Modern portfolio theory (MPT) was first introduced in the 1950s by Harry Markowitz. MPT emphases the concept of maximising the return investors could earn in their investment portfolio, bearing in mind a given level of market risk.
The MPT is based on the primary assumption that all investors are risk averse, meaning that investors will only take on more risk if a higher return is expected. Markowitz argued, that the added value of an additional security to a portfolio needs to be measured with its relationship to all the existing securities in a portfolio and that the individual risk of a security is irrelevant, as it is the correlation between securities that will determine the overall risk of the portfolio.
The correlation, which ranges between -1.0 and 1.0, is a statistical calculation that computes the strength of the relationship between the relative movements of two variables. A correlation of 1.0 indicates perfectly correlated assets, a correlation of 0 indicates that there is no association between two variables and a correlation of -1.0 indicates perfectly negatively correlated assets. This means that, in a hypothetical two-asset portfolio the total risk of the portfolio will be lower than the aggregate risk of the individual assets, as long as the correlation of the securities is lower than 1.0.
The process of identifying assets with a low correlation under the MPT, lessens the specific or idiosyncratic risk inherent in each investment, with most diversification benefits achieved at approximately 30 assets. All possible combinations of risky asset portfolios are constructed to identify those portfolios with the highest return for any given level of risk. The set of these portfolios is collectively referred to as the Markowitz efficient frontier.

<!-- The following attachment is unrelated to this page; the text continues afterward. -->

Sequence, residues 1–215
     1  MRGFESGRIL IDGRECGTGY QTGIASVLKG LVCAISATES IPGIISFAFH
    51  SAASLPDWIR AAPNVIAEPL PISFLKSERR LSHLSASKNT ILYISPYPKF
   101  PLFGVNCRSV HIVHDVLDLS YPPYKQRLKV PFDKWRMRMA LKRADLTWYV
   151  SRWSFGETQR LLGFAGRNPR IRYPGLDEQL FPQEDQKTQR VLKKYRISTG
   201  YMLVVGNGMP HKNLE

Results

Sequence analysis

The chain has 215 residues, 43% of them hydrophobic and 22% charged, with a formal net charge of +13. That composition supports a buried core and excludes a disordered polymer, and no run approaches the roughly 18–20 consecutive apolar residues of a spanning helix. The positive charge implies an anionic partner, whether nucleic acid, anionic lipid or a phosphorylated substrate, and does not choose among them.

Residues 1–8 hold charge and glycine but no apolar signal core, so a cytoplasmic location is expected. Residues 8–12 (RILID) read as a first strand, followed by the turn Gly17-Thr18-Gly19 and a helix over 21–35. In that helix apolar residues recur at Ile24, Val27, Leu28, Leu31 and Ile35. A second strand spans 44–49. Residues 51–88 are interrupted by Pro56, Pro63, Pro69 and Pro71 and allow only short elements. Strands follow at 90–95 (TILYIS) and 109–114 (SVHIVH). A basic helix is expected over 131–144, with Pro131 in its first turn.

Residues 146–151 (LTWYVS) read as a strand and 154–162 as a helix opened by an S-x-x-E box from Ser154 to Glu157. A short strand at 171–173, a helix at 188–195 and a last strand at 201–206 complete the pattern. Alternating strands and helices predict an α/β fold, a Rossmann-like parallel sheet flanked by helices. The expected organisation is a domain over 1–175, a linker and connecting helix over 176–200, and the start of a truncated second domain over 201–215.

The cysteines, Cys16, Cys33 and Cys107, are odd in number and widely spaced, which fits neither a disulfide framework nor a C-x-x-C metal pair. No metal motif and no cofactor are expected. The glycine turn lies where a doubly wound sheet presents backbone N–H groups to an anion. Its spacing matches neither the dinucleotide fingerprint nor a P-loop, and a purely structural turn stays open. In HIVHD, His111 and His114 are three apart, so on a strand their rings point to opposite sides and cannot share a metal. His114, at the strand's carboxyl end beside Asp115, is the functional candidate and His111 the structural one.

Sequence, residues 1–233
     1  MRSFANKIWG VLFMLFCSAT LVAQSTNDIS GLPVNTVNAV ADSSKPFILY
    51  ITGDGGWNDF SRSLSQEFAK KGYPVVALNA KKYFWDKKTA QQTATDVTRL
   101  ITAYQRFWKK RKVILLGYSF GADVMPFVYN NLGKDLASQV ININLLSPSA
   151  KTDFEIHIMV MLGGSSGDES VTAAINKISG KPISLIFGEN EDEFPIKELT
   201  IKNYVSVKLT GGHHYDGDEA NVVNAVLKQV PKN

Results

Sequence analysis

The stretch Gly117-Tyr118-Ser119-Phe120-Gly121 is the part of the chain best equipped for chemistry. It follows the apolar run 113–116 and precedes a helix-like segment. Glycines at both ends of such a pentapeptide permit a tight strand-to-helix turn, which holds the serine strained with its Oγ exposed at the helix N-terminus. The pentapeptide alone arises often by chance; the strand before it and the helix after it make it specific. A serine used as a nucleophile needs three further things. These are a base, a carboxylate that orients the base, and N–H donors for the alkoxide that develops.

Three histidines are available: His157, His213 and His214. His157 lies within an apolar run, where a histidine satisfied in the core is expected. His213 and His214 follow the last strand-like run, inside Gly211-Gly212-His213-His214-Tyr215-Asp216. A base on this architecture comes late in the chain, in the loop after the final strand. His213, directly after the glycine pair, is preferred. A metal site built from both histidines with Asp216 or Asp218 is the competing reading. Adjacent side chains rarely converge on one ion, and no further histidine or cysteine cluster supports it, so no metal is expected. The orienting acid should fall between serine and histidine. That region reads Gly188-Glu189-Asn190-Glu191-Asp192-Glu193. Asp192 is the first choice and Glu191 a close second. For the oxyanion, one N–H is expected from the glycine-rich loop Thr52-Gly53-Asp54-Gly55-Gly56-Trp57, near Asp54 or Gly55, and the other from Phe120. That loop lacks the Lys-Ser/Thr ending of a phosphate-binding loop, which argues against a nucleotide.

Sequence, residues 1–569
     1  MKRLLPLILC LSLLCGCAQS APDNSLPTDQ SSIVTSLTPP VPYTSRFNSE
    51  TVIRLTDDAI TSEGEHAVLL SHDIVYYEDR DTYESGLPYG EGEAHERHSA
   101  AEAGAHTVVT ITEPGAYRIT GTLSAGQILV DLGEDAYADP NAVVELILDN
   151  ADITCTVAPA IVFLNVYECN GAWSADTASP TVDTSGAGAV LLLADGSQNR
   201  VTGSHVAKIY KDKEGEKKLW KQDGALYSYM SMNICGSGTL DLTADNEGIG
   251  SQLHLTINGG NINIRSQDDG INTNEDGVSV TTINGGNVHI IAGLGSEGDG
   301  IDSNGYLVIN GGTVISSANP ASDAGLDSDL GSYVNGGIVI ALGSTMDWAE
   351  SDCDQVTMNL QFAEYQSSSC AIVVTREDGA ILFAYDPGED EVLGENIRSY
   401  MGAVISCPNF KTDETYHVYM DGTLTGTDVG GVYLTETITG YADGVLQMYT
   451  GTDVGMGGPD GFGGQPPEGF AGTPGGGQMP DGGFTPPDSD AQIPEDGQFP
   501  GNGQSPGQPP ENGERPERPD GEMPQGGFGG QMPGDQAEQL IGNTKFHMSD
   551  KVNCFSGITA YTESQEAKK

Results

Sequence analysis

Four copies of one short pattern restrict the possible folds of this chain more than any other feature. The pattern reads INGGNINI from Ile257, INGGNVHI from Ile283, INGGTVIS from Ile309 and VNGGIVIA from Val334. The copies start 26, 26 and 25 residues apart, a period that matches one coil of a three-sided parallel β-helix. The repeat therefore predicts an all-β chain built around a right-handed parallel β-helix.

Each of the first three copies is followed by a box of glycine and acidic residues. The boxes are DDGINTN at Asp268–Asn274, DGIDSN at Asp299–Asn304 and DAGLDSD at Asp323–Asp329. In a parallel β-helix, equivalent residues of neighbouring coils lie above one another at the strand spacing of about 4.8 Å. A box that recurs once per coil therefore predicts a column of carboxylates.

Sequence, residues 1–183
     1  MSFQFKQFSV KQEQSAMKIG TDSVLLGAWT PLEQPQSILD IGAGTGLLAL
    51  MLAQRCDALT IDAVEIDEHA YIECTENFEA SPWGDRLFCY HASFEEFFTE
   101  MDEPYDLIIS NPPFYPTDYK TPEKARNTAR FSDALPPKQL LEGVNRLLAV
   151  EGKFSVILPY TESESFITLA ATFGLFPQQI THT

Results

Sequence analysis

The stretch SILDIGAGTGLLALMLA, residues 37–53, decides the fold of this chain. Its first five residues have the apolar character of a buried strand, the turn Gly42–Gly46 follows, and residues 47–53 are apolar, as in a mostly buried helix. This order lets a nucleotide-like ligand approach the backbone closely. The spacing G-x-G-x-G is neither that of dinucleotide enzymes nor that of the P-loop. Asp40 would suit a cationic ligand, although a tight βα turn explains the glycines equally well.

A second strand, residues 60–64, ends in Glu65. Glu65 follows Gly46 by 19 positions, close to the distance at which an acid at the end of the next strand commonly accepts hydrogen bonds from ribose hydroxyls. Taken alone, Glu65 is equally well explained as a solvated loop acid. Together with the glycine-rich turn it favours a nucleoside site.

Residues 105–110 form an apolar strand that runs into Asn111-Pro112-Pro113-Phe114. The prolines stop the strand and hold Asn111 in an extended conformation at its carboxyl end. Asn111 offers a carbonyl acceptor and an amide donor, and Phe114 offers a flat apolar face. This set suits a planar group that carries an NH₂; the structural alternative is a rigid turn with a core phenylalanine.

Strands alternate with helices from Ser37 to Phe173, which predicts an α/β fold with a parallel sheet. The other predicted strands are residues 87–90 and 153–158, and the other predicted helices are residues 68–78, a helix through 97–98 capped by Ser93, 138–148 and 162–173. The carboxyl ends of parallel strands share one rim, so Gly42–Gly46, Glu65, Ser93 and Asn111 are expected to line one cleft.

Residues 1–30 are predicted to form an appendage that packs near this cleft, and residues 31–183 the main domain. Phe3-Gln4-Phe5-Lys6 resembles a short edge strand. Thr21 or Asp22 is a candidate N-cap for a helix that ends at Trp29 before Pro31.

It is important to note that risk can never be completely eliminated, as systematic risk (also referred to as market risk) is always present. Market risks are risks that can disturb the economic market in general or a large portion of it.
The FAAMG is an abbreviation for the top-performing tech stocks in the US market, being, Facebook, Amazon, Apple, Microsoft and Alphabet’s Google. It’s no surprise that these tech giants have dominated the market, with Apple and Microsoft surging by 86 per cent and 55 per cent in 2019, respectively.
The FAAMG stocks now make up a whopping 17.3 per cent of the total market capitalisation of the S&P 500, with Apple representing 4.8 per cent, Microsoft 4.6 per cent, Alphabet 3.2 per cent, Amazon 2.9 per cent and Facebook 1.9 per cent (data as at 10 January 2020). This rising concentration risk is raising concern between market participants and this ties in with the correlation concept mentioned above. “A ratio like this is unprecedented, including during the tech bubble,” Mike Wilson, the bank’s head of U.S. equity strategy, said in a note Sunday. “Capital concentration is following corporate inequality like never before.”
Inherently, stocks operating in the same industry have a high correlation, and this is also true for the FAAMG stocks. It has been reported that the correlation between these mega tech firms has been growing stronger, and consequently so has the correlation of the S&P 500 to the FAAMG stocks.
It is important for novice investors to understand the relationship and correlation between different stocks, as overexposure to highly correlated assets can be catastrophic for a portfolio, should there be a sharp decline in the stock prices.
Disclaimer: This article was issued by Rowen Bonello, research analyst at Calamatta Cuschieri. For more information visit www.cc.com.mt. The information, view and opinions provided in this article are being provided solely for educational and informational purposes and should not be construed as investment advice, advice concerning particular investments or investment decisions, or tax or legal advice.
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